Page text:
Maternity Leave for Solo Lawyers: Is It Possible?

Through techniques like outsourcing, organizing, increased productivity and planning during your pregnancy, you can create a smooth and successful maternity leave that maintains your levels of client service and satisfaction.

Planning ahead

In anticipation of pregnancy and delivery, as a solo attorney, you’ll want to plan ahead and rethink the types of cases you accept before you take your maternity leave. You may decide to pass on new litigation cases such as criminal and personal injury matters due to their close deadlines that could result in scheduling conflicts. Women attorneys planning on taking maternity leave may have to think outside of the box, such as offering alternative services during this time crunch.

Outsourcing to a contract attorney while on leave

The wheels of justice will continue to turn whether you are available or not. Although they may share your happiness about the impending bundle of joy, opposing counsel and the courts may be unwilling to adjust to your schedule. You can foresee this inevitability and plan accordingly. Outsourcing work to another attorney to stand in during your leave is one solution. Maintain your client service and satisfaction by notifying your clients in writing of the expected absence and how long you are expected to be away. The letter should include a request for the client’s consent for substitute counsel on their case. A clear and detailed agreement with a trusted colleague is drafted; making sure everything is spelled out clearly for the sake of the law firm and the sanity of both lawyers.

Organizing prior to your maternity leave

The law office needs to be thoroughly organized prior to the leave. All open files should be updated and accurately calendared. A case management plan should be put in place; including a timeline for tasks. Back up computer files, inventory the office equipment and double-check insurance policies. The less surprises for you upon your return, the better.

Post delivery: working remotely

Post-delivery, attorneys often work remotely and use computers and cell phones to attend meetings, work on files, and perform other tasks from home. In some instances, solo legal practitioners have moved their offices closer to home (or sometimes into their homes, temporarily or permanently) to be near their newborns. Other brave women lawyers have an area in the office made especially for the baby.  You can also keep your temporary replacement lawyer on staff long enough to debrief you and bring you up to speed.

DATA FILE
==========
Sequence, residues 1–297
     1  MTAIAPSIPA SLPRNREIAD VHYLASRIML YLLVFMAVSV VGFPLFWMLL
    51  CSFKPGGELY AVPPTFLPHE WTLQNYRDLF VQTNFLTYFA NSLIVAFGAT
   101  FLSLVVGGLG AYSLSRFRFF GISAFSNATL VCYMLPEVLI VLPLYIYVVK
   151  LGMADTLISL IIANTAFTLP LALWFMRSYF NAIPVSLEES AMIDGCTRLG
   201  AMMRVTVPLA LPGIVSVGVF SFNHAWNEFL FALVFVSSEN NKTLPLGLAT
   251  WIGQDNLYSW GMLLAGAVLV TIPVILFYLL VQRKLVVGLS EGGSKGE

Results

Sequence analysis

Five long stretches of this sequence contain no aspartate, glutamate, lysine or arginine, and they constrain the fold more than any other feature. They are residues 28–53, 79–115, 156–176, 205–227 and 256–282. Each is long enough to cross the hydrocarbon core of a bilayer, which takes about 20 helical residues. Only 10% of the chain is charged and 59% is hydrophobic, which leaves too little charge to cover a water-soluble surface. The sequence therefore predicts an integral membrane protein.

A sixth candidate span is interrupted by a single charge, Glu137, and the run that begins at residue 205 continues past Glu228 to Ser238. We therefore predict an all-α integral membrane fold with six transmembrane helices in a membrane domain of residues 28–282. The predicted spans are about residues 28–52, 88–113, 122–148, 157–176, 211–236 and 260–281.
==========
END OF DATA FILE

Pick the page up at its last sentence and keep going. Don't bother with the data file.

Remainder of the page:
A well-planned maternity leave can be achieved with planning , outsourcing, organizing, productivity and effort (or a combination of those.) As soon as the pregnancy test reads positive, you should get moving in order to minimize stress during this time. Don’t try to go it alone; other attorneys who have made it through this experience are all too happy to share creative solutions and references. Trust your instincts to spot any weaknesses, including staffing issues, which may cause problems in your absence. Performing this critique in advance of your leave will leave time to fix or strengthen areas you find to be lacking. With a strong support system and a well-defined plan in place, it is more than possible for you to take your maternity leave with confidence that you will return as a new mother with a successful law practice.

What strategies have you used as a solo attorney who takes maternity leave, or what practices have you seen used both other solo women lawyers to accomplish a smooth maternity leave?

(photo: http://www.flickr.com/photos/mcgraths/3659139185/)

  • http://www.lawbusinessmentors.com/manifesto/ Alexis Neely

    I love that you are talking about this Kendra. When I took maternity leave with my son, I was working at the big law firm and having them pay my leave was awesome. But of course solos don’t get that same privilege. What they do get is the opportunity to create systems and grow their firms while out on leave. Two clients I worked with last year did just that – they actually experienced substantial increase in their practices while they were out on leave due to what they did to prepare ahead for it.

  • http://www.windsorbarrister.ca Jason Currie